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  1. #11
    titrisol's Avatar
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    I'll take your word and expertise for it. My point is that the radiation levels are very samll and are not dangerous for humans or film.

    I have at least one of the "radiactive" lenses and I'm very happy with its performance, given it ii a 40 year old lens

    One of the things I have noticed is the use of the "Radioactive" term, whether it is true or not to raise the price at the auctions, given the "legendary status" you mentioned.


    Quote Originally Posted by Ole
    Newer lenses with similar but "cleaner" glass are better. QV the Cosina-Voigtländer APO-Lanthar 90mm - blows the competition right away, including the 1970's APO-Lanthar.
    Mama took my APX away.....

  2. #12
    Ole
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    Quote Originally Posted by titrisol
    I have at least one of the "radiactive" lenses and I'm very happy with its performance, given it ii a 40 year old lens
    So have I, and I'm not selling it!!!

    The radiation levels are low, but I wouldn't put it under my pillow. The chance of getting unhealty doses by normal use are practically zero, but if you were to eat it (or sleep with it under your pillow) it's a different matter.

    I have also noticed that use of "radioactive", and sometimes worry if we're heading back towards the "Radium Health Spa" craze...
    -- Ole Tjugen, Luddite Elitist
    Norway

  3. #13

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    JJS Thank you for the information. My posting was meant as a tongue in cheek comment regarding a radioactive lens.

  4. #14

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    Quote Originally Posted by jjstafford
    Supposedly Zeiss changed the compound formula for the 38mm Biogon in order to comply with new strident pollution control regulations. Do you know if that has anything to do with Lanthanum-glass?
    They got the lead out.

  5. #15

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    [COLOR=Red]Certainly not - unless your watch was made no later than 1930.[/COLOR]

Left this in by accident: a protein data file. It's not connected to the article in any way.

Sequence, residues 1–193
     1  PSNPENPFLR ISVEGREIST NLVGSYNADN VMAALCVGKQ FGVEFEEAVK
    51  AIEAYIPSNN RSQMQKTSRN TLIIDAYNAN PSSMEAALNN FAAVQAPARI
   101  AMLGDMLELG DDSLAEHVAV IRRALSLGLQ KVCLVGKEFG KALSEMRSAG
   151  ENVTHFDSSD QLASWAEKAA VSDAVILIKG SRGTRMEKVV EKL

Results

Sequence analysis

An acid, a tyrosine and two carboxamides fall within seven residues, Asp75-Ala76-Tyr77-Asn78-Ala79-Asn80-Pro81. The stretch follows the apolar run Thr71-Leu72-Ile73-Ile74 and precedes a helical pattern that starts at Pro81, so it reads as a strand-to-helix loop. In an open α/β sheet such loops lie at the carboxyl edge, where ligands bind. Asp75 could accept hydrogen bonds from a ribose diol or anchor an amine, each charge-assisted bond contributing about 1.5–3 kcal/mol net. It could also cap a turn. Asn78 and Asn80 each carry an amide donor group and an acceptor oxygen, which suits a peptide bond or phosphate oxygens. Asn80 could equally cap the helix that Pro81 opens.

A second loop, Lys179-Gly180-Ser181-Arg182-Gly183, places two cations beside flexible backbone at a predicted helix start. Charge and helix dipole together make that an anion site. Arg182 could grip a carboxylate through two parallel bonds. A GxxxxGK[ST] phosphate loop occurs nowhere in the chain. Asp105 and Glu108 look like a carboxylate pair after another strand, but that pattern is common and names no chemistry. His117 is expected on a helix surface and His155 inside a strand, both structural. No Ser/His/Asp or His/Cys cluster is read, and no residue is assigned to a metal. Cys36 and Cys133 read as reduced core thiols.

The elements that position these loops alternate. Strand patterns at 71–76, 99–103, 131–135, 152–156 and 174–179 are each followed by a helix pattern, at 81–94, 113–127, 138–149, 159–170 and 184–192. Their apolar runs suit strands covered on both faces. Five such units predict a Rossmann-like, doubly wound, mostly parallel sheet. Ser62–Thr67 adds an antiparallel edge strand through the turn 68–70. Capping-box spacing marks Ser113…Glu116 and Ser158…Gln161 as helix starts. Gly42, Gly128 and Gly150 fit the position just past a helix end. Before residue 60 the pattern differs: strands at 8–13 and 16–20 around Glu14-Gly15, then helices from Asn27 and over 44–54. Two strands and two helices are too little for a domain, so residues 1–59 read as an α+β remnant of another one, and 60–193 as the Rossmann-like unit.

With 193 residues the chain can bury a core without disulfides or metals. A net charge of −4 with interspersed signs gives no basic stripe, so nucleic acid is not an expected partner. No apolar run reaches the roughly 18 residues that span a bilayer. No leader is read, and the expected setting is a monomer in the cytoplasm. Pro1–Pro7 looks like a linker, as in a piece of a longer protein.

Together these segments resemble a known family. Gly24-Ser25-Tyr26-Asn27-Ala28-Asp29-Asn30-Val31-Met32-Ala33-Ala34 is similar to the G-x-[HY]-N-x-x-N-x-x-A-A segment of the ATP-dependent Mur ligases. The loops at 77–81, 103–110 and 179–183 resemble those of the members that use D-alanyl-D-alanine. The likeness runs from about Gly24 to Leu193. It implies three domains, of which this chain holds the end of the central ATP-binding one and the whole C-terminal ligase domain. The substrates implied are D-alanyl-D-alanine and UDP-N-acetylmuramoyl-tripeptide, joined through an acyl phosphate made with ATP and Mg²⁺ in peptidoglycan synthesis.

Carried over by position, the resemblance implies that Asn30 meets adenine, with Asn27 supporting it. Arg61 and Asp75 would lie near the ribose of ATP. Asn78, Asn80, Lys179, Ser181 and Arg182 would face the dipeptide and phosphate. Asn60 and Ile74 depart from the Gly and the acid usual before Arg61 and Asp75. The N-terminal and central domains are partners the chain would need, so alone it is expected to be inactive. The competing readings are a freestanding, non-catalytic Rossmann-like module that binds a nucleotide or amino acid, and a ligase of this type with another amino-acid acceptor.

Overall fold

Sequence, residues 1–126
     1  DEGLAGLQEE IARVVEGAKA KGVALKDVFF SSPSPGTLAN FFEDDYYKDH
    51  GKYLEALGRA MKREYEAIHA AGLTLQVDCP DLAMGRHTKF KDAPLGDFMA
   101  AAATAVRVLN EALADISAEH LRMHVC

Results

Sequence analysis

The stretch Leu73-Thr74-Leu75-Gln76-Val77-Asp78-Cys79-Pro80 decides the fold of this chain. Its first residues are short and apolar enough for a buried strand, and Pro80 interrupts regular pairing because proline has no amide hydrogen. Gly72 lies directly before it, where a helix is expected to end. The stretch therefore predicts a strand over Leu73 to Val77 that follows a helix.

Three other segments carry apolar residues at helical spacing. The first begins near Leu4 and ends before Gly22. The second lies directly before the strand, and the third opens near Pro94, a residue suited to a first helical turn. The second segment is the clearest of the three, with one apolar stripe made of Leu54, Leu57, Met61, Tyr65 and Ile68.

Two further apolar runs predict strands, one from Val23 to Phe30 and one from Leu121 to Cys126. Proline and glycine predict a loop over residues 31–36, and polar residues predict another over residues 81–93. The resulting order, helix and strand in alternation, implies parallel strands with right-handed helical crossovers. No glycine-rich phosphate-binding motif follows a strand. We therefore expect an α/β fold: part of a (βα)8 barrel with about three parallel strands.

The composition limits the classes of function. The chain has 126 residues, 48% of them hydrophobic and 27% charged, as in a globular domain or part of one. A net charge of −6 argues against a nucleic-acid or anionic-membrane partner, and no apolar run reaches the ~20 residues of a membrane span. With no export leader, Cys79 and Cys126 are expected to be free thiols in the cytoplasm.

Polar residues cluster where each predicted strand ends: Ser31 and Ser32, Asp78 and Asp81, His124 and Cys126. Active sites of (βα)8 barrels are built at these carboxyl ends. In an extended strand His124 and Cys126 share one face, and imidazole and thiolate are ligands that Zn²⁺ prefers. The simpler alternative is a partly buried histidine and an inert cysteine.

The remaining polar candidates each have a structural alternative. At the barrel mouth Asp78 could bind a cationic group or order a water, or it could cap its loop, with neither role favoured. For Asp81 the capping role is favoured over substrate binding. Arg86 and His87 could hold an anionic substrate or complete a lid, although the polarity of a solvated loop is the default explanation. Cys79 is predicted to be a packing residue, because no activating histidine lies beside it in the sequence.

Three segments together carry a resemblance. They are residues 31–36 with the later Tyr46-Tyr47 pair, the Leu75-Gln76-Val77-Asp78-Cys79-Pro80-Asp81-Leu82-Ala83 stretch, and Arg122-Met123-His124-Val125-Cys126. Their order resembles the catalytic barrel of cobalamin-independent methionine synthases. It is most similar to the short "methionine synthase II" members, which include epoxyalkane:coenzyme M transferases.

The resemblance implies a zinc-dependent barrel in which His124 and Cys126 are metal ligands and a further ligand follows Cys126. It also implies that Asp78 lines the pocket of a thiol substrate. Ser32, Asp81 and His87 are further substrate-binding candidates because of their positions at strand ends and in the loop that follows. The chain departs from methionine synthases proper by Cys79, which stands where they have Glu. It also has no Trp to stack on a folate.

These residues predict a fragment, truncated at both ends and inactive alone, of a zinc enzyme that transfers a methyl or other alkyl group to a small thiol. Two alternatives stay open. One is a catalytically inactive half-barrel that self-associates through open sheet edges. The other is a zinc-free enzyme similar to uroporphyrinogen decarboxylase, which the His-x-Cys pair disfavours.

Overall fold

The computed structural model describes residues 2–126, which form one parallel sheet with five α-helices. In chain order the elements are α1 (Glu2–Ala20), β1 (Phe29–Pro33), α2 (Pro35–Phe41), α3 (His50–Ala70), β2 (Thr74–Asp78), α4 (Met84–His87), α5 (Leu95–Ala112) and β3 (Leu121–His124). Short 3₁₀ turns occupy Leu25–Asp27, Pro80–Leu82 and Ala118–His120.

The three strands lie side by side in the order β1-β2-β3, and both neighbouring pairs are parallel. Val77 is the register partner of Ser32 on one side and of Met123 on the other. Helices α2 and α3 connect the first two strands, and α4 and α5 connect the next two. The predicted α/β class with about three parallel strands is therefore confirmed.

Not so. I've got a watch made in the 70's, it’s one of those self-winders with a luminous dial. It's the luminous dial that gives off radiation.
    Many if not most of the workers in the UK who assembled instrumentation on ww2 fighters and bombers (a luminous paint was used on the dials) got throat cancer. They used to find it helpful to lick the brush now and again I believe. I'd imagine the pilots got a fair old dose considering the number of dials and how crude the luminous paint was, but that was the least of their worries!

    A few years ago one of the mechanics at work (I work in a nuclear power station) set of the personnel monitor on leaving the nuclear island. It turned out he had his good watch on that day by mistake, it was an Adidas model (I think)with a luminous dial. It was a modern watch anyway. Strictly speaking it should have been declared a source and not allowed off site. As the contamination was 'fixed' he was allowed to take it home. He was also advised to contact the manufacturer for a replacement or refund, as while it was a weak source it was clearly not a good idea to strap it to one's wrist for days on end.

    Like wise that smoke alarm. Stick it in your pocket and given some time it will have a detrimental effect on your health. However screw it to the ceiling and it's perfectly safe. As we say at work, double your distance, quarter the dose.

    Oh I still have my old watch, but I certainly don't wear it anymore.
    As for radioactive lenses. I'd expect the radiation to be much lower than that of luminous watches and fire alarms etc, but I'm only taking a guess.

    Your local school, college, university, hospital or nuclear power staion should be able to check and advise.

  6. #16
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    OT - Radioactive marbles